Of the Committee of Investigation.
We the Committee, appointed by our Fellow-Citizens “to enquire into the causes of the melancholy catastrophe” which took place in this city on Thursday night last; a catastrophe, which has spread a gloom over a whole city, and filled every eye with tears; have given to this melancholy duty all the attention in our power.—We feel it due to ourselves; it was due to our weeping fellow-citizens; it was due to the world to collect all the lights which might serve to elucidate an event whose effects are so deeply written on our hearts.—We have seen every person who was behind the scenes, that was best able to assist our enquiries—we have heard their statements, and after sifting them as accurately as possible, beg leave to submit the following report to our afflicted citizens.
On the night of Thursday last, the Pantomime of “The Bleeding Nun, or, Agnes and Raymond” came on for representation after the Play was over. In the first Act amongst other scenes, was the scene of the Cottage of Baptist the Robber, which was illuminated by a chandelier apparently hanging from the ceiling. When the curtain fell on the first Act and before it rose on the 2nd, this chandelier was lifted from its position among the scenery above. It was fixed with 2 wicks to it; only one of them had been lit; yet when it was lifted above, this fatal lamp was not extinguished. Here is the first link in the chain of our disasters. The man who raised it, does not pretend to deny it—but pleads that he did so in consequence of an order from some person, whom he supposed authorised to direct him. That person was behind him; the voice had reached him, without his seeing the person, and he does not pretend positively to recognise him. We have not the most distant idea that there was the slightest mischievous intention in the order or in the act—it was inattention—it was the grosses negligence. The lifter of the lamp says that he was aware of the danger, and remonstrated against the act; yet yielded with too fatal a facility to the re-iterated orders of a person whom he saw not, but supposed authorized to direct him. We cast not the slightest imputations upon the Managers or any of the regular Comedians of the stage—their positions at the moment as well as other circumstances, forbid the idea that the order ever passed from their lips; yet the act was done. The lighted lamp was lifted—the torch of destruction gleamed at the top of the stage.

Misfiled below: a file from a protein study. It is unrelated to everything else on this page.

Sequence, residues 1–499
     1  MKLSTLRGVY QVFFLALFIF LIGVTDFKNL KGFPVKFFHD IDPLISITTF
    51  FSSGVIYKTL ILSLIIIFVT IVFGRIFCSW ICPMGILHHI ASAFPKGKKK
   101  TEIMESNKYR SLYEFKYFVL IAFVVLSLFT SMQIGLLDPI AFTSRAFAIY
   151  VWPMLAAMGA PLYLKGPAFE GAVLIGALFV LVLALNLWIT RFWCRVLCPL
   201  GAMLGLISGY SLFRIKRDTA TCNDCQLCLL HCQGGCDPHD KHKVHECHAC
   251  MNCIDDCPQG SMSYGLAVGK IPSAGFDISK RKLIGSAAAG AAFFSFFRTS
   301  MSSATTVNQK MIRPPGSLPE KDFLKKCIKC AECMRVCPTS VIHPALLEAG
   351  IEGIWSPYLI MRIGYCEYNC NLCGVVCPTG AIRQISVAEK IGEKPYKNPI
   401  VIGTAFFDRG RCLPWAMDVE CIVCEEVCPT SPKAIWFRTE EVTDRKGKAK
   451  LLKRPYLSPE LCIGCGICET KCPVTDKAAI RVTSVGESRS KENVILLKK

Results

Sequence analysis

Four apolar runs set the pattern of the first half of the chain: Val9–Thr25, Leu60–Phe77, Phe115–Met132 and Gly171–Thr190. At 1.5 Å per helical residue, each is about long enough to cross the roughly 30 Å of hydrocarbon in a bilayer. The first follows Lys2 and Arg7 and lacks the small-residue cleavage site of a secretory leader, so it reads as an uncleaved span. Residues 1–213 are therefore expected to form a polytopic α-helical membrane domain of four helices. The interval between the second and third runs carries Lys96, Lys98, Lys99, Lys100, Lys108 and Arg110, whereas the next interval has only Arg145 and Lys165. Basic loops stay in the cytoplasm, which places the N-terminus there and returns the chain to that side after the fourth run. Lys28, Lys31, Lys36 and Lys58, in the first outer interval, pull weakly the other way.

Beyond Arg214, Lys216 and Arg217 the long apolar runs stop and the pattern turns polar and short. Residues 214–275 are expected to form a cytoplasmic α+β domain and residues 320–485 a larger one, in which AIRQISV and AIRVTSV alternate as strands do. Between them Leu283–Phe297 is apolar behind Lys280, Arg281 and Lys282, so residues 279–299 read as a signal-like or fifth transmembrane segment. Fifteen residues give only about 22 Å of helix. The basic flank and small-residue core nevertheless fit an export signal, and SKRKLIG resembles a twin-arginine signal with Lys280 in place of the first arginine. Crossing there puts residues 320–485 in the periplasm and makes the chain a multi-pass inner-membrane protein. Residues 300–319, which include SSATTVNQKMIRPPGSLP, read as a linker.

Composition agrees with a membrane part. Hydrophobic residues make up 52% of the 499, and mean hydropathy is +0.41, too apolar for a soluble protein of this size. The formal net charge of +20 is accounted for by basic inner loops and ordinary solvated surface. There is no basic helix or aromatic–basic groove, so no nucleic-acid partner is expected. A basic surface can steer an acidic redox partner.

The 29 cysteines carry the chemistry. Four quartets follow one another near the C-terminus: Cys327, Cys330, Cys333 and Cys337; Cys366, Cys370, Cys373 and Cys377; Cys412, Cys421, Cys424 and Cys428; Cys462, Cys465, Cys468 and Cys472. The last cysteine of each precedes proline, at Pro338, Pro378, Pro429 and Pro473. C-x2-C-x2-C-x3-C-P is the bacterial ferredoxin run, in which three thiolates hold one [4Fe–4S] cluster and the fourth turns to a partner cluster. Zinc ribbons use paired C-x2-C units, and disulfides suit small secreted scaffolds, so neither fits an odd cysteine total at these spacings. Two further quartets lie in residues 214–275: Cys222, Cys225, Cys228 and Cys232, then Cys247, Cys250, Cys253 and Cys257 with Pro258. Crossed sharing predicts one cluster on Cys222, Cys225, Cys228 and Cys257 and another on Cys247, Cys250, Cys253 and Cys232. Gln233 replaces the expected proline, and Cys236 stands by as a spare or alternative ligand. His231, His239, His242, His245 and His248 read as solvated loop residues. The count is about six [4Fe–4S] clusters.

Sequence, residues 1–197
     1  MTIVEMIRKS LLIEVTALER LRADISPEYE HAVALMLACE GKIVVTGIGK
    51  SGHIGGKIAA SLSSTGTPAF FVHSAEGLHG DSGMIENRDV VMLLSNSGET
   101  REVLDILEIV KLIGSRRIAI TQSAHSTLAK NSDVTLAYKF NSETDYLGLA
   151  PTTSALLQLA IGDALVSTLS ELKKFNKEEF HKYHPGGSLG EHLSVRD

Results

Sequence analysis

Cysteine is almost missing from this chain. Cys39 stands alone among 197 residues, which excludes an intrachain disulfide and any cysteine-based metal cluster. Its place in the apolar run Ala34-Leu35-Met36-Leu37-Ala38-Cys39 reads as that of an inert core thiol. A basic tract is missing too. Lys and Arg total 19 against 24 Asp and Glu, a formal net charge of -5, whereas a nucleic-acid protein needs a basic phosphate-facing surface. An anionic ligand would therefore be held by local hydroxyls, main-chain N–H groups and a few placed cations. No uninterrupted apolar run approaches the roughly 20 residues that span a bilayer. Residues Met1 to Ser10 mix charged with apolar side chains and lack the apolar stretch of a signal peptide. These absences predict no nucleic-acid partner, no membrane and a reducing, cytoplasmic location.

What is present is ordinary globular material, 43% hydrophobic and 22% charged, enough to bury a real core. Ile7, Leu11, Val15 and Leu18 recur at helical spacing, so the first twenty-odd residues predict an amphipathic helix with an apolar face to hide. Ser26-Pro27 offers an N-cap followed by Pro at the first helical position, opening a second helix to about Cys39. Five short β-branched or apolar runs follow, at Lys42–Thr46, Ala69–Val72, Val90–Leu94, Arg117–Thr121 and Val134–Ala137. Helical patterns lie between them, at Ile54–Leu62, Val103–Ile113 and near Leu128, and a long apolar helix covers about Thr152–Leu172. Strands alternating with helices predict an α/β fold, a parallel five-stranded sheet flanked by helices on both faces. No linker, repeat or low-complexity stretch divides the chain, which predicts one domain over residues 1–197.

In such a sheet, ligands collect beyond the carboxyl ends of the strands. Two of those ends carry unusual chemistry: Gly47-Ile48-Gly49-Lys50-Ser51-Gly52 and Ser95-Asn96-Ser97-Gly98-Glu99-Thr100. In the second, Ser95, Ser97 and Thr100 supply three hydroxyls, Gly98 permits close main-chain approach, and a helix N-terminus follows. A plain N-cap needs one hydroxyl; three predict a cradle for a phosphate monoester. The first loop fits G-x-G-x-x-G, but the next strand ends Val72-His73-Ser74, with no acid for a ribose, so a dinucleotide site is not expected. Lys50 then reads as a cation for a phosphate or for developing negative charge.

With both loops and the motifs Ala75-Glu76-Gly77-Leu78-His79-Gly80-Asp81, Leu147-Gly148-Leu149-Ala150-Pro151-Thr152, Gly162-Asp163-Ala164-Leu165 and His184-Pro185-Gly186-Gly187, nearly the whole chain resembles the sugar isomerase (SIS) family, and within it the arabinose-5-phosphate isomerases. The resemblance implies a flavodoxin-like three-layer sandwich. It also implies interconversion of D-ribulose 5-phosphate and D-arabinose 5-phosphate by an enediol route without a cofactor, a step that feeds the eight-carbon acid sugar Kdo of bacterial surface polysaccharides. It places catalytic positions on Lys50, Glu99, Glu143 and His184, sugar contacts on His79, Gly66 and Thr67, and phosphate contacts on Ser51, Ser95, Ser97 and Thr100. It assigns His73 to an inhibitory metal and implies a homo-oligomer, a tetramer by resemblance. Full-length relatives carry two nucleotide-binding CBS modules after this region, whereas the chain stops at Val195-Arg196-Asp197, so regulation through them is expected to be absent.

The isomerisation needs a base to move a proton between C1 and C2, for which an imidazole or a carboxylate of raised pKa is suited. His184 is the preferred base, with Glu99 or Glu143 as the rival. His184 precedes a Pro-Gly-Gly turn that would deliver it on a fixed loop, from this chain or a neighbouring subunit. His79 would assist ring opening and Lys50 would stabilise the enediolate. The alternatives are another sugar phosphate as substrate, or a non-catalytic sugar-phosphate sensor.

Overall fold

Mr. Rice (the Property-man of the Theatre) says, that he saw the scene was over in which the lamp was used; he saw the lamp after it was lifted up; he was aware of the danger of its remaining in that position; and spoke to one of the carpenters, three times repeatedly, “Lower that lamp and blow it out.” He did not see it put out; for he was drawn by his business to another part of the stage.
Mr. West declares that he was passing by to commence the 2nd Act of the Pantomime, and saw the lamp up and heard Rice giving directions to the Carpenter to extinguish it.
Mr. Cook (the regular carpenter of the Theatre) declares that he saw the carpenter, alluded to above, attempting to let down the lamp immediately after the order to let it down had been given; that he has no doubt this attempt was made in consequence of the order; that he saw the cords tangle and the lamp oscillate several inches from its perpendicular position. The chandelier above was moved by two cords which worked over two pulleys, merged in a collar-beam of the roof; and one straight line from the beam to the lamp was, Mr. Cook things, about 14 or 15 feet. This same idea may be had of the degree of oscillation.